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Pituitary Tumors Treatment (PDQ®)

Health Professional Version

Prolactin-Producing Pituitary Tumors Treatment

Standard Treatment Options for Prolactin (PRL)-Producing Pituitary Tumors

Standard treatment options for PRL-producing pituitary tumors include the following:

  1. Dopamine agonists, such as cabergoline and bromocriptine.[1-5]
  2. Surgery (second-line).[1,2]
  3. Radiation therapy (occasionally).[1,2]

When the pituitary tumor secretes PRL, treatment will depend on tumor size and the symptoms that result from excessive hormone production. Patients with PRL-secreting tumors are treated with surgery and radiation therapy.[1]

Most microprolactinomas and macroprolactinomas respond well to medical therapy with ergot-derived dopamine agonists, including bromocriptine and cabergoline.[2] For many patients, cabergoline has a more satisfactory side effect profile than bromocriptine. Cabergoline therapy may be successful in treating patients whose prolactinomas are resistant to bromocriptine or who cannot tolerate bromocriptine, and this treatment has a success rate of more than 90% in patients with newly diagnosed prolactinomas.[3-5] In a prospective study, cabergoline was safely withdrawn in patients with normalized prolactin levels and no evidence of tumor, which may effect a cure rate of approximately 70%.[6] On the basis of its safety record in pregnancy, however, bromocriptine is the treatment of choice when restoration of fertility is the patient’s goal.[7]

Microprolactinomas change little in size with treatment, but macroprolactinomas can be expected to shrink, sometimes quite dramatically. Microprolactinomas may decrease in size over time and have been observed to undergo complete, spontaneous resolution on occasion.[8] Surgery is typically reserved for those patients who cannot tolerate dopamine agonists, who suffer pituitary apoplexy during treatment, or whose macroprolactinomas are not responsive to medical therapy.[2] Occasionally, these tumors may ultimately require radiation therapy.[9]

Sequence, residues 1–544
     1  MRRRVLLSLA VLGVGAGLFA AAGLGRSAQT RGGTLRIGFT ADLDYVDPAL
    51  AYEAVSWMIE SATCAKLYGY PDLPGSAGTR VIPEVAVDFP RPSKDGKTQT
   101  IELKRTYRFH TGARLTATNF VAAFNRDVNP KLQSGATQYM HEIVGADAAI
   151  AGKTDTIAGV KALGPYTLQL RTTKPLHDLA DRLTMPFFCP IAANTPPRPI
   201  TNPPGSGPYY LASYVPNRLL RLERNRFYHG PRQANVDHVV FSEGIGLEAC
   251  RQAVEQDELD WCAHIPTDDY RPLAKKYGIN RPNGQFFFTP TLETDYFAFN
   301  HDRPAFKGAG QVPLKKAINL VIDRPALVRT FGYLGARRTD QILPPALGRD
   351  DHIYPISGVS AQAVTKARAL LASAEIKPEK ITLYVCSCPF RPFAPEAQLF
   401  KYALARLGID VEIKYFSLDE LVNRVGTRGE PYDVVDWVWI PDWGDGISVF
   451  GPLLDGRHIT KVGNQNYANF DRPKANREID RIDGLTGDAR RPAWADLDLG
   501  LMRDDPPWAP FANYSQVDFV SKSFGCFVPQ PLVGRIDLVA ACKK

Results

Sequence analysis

Current Clinical Trials

Check for U.S. clinical trials from NCI's list of cancer clinical trials that are now accepting patients with pituitary tumor. The list of clinical trials can be further narrowed by location, drug, intervention, and other criteria.

General information about clinical trials is also available from the NCI Web site.

References

  1. Yeh PJ, Chen JW: Pituitary tumors: surgical and medical management. Surg Oncol 6 (2): 67-92, 1997. [PUBMED Abstract]
  2. Levy A: Pituitary disease: presentation, diagnosis, and management. J Neurol Neurosurg Psychiatry 75 (Suppl 3): iii47-52, 2004. [PUBMED Abstract]
  3. Colao A, Di Sarno A, Landi ML, et al.: Macroprolactinoma shrinkage during cabergoline treatment is greater in naive patients than in patients pretreated with other dopamine agonists: a prospective study in 110 patients. J Clin Endocrinol Metab 85 (6): 2247-52, 2000. [PUBMED Abstract]
  4. Cannavò S, Curtò L, Squadrito S, et al.: Cabergoline: a first-choice treatment in patients with previously untreated prolactin-secreting pituitary adenoma. J Endocrinol Invest 22 (5): 354-9, 1999. [PUBMED Abstract]
  5. Colao A, Di Sarno A, Landi ML, et al.: Long-term and low-dose treatment with cabergoline induces macroprolactinoma shrinkage. J Clin Endocrinol Metab 82 (11): 3574-9, 1997. [PUBMED Abstract]
  6. Colao A, Di Sarno A, Cappabianca P, et al.: Withdrawal of long-term cabergoline therapy for tumoral and nontumoral hyperprolactinemia. N Engl J Med 349 (21): 2023-33, 2003. [PUBMED Abstract]
  7. Schlechte JA: Clinical practice. Prolactinoma. N Engl J Med 349 (21): 2035-41, 2003. [PUBMED Abstract]
  8. Ezzat S, Asa SL, Couldwell WT, et al.: The prevalence of pituitary adenomas: a systematic review. Cancer 101 (3): 613-9, 2004. [PUBMED Abstract]
  9. Nomikos P, Buchfelder M, Fahlbusch R: Current management of prolactinomas. J Neurooncol 54 (2): 139-50, 2001. [PUBMED Abstract]
  • Updated: July 27, 2012